Summer Psalms Leftovers

I enjoy cooking. I like taking ideas from recipes and then adding my own spin to them. I enjoy figuring things out, sometimes with more error than success. I love the satisfaction of savoring a great tasting meal that I prepared myself. I like the creativity of the whole process. And when it’s all done, I enjoy finding new ways to use what’s left over.

Leftovers. I’m not too picky when it comes to leftovers. I’ll eat cold pizza straight out of the fridge. I’ll reheat marinara and meat sauce and put it over a piece of toast. It seems to me that lasagna for some reason often tastes better the second time around. And I love sandwiches and salads and rice bowls all made from leftover ingredients.

Leftovers are versatile, random, and hopefully nourishing, and that’s what this blogpost is. In our first post back from a summer break, I want to pick up a few leftovers from our Summer Psalms series, some ideas and thoughts and themes that never made it into the sermons, and serve them up. It’ll probably feel a little random—these three things below are not necessarily connected—but hopefully it will be encouraging to you as you read the Psalms on your own.


Years ago, I was visiting a church that had recently hired a new leadership team. I was on staff with a collegiate ministry at the time and I found myself standing in a circle of people, staff and leaders at this church, and hearing one of the church leaders say, “The church never sings songs to God, they only sing songs about God.” Another said, “We need more songs that say ‘You’ (that is, referring to God) in them.” And one of the new leaders said, “We’re going to teach these people how to worship.”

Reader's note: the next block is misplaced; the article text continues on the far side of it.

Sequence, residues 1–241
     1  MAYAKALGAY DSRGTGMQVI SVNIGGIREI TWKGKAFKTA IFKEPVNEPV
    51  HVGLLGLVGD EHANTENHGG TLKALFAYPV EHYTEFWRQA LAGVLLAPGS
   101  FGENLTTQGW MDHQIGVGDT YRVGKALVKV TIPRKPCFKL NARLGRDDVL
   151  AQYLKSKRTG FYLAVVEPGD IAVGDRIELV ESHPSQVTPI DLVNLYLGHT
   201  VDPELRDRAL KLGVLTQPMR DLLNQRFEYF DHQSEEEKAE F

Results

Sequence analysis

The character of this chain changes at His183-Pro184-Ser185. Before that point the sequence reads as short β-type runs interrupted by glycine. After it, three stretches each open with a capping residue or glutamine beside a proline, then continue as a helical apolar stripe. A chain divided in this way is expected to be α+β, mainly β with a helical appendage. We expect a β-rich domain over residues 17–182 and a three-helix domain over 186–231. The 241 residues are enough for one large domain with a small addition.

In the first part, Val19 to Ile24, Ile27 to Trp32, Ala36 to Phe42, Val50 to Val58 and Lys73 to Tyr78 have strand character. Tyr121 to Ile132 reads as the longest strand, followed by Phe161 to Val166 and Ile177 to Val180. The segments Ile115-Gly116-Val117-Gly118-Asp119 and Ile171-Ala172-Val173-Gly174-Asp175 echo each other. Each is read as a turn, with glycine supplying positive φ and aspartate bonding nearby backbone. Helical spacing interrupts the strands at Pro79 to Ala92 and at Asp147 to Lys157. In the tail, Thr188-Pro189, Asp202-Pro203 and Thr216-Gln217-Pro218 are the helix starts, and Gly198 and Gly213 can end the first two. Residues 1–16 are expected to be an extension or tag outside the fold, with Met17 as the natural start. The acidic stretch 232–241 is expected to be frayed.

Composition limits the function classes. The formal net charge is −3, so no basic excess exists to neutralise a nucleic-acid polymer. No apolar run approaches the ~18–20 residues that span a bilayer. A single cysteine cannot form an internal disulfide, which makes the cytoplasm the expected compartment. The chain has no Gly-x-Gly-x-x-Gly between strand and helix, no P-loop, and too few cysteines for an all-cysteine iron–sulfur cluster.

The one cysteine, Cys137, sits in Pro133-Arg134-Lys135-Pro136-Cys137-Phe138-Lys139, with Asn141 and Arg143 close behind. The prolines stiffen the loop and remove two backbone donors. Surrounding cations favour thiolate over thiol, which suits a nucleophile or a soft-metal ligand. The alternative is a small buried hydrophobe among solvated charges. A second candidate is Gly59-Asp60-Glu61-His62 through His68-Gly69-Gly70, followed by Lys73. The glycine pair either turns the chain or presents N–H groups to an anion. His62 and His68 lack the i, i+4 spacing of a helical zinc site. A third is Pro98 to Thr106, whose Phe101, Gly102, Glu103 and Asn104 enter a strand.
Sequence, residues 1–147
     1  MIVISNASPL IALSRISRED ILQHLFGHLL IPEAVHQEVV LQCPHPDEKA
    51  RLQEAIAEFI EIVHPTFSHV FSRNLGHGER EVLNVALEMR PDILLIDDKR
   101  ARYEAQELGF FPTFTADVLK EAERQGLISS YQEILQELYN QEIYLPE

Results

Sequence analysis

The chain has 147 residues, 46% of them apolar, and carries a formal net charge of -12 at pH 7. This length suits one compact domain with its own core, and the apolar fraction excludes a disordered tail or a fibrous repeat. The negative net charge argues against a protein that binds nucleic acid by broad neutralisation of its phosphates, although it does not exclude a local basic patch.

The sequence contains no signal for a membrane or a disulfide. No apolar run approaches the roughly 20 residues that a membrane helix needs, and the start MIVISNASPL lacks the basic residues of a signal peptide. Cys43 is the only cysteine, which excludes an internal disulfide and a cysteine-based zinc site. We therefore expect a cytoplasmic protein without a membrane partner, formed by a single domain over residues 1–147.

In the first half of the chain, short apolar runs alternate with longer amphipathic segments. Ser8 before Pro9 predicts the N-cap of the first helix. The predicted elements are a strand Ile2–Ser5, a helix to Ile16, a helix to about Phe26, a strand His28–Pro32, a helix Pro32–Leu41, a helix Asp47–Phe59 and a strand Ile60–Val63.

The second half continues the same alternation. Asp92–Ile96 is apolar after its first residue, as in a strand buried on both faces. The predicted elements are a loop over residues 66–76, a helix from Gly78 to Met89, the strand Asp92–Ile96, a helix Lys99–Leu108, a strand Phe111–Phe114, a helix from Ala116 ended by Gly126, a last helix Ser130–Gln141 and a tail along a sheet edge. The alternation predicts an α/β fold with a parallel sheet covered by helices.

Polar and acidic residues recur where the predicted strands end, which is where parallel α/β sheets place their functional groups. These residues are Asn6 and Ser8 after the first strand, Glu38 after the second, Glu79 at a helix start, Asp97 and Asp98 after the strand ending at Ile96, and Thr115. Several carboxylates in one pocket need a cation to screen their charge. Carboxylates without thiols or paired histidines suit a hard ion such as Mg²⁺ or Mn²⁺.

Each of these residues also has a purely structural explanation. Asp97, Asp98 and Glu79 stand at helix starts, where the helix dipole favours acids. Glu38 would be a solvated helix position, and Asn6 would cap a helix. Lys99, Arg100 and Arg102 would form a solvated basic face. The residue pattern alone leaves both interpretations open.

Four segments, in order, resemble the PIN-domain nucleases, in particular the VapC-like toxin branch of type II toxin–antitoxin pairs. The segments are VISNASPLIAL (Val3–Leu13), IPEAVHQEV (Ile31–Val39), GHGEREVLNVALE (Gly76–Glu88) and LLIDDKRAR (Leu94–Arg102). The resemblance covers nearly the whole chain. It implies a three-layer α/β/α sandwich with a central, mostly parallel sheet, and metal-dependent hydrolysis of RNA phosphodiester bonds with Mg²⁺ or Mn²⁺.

At the time, I remember disagreeing with not only the sentiment I was hearing (which sounded prideful both then and now), but also with the understanding of worship that I was hearing. While it is important to sing songs that are intentionally written to God, where the congregation is addressing God directly in their song, that isn’t the only biblical pattern for songs of worship. The hymnbook of the Bible, the Psalms, is filled with songs that are intentionally instructive in nature.

One of our psalms from this summer is a perfect example. Psalm 49 is included in the hymnbook of the Bible, but not once in this psalm will you find God addressed directly. Instead, Psalm 49 seeks to instruct the people of God in how to think about those who boast in their wealth and power and use it against God’s people. It’s calling God’s people to keep trusting in God despite the circumstances around them. It never says “You” to God, but it’s a biblical hymn. It’s teaching God’s people to trust in God and not fear their enemies.

I’m grateful that we sing songs at Mountain Creek that intentionally lead us to proclaim truth about God to one another in the congregation. Come every soul, by sin oppressed, there’s mercy with the Lord; and he will surely give you rest by trusting in his word. These aren’t words to God, but they’re words that Christians and non-Christians alike need to hear about God, and a biblical part of the worship is encouraging one another with these truths through song, just like we see in the book of Psalms.